Black Victory: The Rise and Fall of the White Primary in Texas

Black Victory: The Rise and Fall of the White Primary in Texas

Black Victory: The Rise and Fall of the White Primary in Texas

Black Victory: The Rise and Fall of the White Primary in Texas

Synopsis

This text examines a pivotal breakthrough in the struggle for black liberation through the US voting process. It details the steps and players in the 1944 Supreme Court decision in Smith vs Allwright, a precursor to the 1964 Voting Rights Act.

Excerpt

This story has a simple beginning. One day in 1923 a middle-aged, middle- class black man, Dr. Lawrence A. Nixon of El Paso, Texas, decided that he would vote! He collected his poll tax receipt, went to the local precinct and requested a ballot that he might vote in the Democratic primary election. The election official refused his request, informing him that he, Nixon, could not vote in the primary as maintained by state law because he was a Negro. For more than two decades thereafter, Nixon and a small cadre of black lawyers and leaders in Houston, Texas, with the strong financial and moral backing of a large number of local blacks and the NAACP, would continue to challenge the constitutionality of the exclusion of blacks from Democratic primary elections. These challenges resulted in four major U.S. Supreme Court cases: Nixon v. Herndon, 1927, Nixon v. Condon, 1932, Grovey v. Townsend, 1935, and Smith v. Allwright, 1944.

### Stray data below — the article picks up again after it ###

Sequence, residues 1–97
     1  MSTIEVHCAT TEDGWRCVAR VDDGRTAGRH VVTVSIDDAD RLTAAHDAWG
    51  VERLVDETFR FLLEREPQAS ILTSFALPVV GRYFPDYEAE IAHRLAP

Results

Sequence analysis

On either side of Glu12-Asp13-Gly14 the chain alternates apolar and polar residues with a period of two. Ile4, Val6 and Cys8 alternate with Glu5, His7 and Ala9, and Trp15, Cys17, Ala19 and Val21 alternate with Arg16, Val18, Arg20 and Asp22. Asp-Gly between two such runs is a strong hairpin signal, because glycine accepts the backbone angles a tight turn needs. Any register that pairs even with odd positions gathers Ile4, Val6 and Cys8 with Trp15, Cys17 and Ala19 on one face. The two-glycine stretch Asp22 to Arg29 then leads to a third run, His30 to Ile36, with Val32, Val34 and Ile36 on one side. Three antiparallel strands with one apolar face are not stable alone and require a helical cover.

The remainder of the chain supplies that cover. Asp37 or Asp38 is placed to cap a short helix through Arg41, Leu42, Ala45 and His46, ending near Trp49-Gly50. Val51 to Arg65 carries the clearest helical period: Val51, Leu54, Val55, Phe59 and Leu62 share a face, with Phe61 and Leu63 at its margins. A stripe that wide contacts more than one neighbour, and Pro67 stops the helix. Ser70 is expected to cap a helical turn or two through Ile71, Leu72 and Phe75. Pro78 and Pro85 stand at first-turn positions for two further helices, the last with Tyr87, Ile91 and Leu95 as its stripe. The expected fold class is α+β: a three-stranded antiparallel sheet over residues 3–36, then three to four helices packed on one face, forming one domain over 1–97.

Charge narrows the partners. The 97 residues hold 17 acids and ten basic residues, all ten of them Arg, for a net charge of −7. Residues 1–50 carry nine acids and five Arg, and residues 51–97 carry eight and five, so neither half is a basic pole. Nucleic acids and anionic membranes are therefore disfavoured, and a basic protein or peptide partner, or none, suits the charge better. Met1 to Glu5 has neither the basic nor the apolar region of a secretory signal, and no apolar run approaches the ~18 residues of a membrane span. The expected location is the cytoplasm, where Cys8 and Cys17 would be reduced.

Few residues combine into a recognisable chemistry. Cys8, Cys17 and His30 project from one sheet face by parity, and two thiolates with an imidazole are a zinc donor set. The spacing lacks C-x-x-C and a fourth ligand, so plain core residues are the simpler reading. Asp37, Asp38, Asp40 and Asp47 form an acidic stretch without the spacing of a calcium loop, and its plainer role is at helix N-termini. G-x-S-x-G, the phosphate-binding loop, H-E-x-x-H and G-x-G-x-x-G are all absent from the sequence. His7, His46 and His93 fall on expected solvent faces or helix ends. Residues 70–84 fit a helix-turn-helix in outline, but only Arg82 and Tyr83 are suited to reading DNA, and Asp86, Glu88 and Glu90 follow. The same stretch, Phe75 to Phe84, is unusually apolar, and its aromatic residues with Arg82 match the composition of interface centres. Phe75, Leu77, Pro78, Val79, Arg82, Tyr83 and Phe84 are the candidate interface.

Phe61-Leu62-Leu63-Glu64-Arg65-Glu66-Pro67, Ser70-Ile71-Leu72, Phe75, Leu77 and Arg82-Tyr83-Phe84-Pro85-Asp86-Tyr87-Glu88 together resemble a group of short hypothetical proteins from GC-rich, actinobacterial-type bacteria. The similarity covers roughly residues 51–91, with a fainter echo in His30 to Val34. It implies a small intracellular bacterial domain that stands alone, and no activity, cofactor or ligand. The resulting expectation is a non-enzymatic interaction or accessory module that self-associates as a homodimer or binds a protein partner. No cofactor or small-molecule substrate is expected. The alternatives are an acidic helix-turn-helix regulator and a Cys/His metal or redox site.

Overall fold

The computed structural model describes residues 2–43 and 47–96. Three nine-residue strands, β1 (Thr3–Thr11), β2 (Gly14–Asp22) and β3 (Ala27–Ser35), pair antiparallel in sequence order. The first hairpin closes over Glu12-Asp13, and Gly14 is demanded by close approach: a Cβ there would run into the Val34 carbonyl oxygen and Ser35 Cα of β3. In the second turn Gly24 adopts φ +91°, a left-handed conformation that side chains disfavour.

In the 1944 Smith v. Allwright case, the Supreme Court declared unconstitutional the Texas Democratic white primary. The white primary was the most effective scheme used in southern states to strip blacks of the vote and render them politically impotent. The Smith decision represented a significant political victory for black Texans and the NAACP. But the Smith decision symbolized more than either blacks or whites could know then. Had blacks known what the decision portended for the future, their victory would have been, undoubtedly, even sweeter. For in their long, relentless, costly, and often frustrating pursuit of free access to the polls in the primary elections that counted most, they propelled the United States Supreme Court to embark upon a bold new course of judicial interpretation of the Fourteenth and Fifteenth Amendments that would ultimately revolutionize the American political process. Smith v. Allwright infused subsequent Supreme Court decisions dealing with residential segregation, educational discrimination, and reapportionment, issues that continue to affect our political lives.

Chapter 1 discusses major nineteenth-century Supreme Court decisions pertaining to the meaning and intent of the Fourteenth and Fifteenth Amend-

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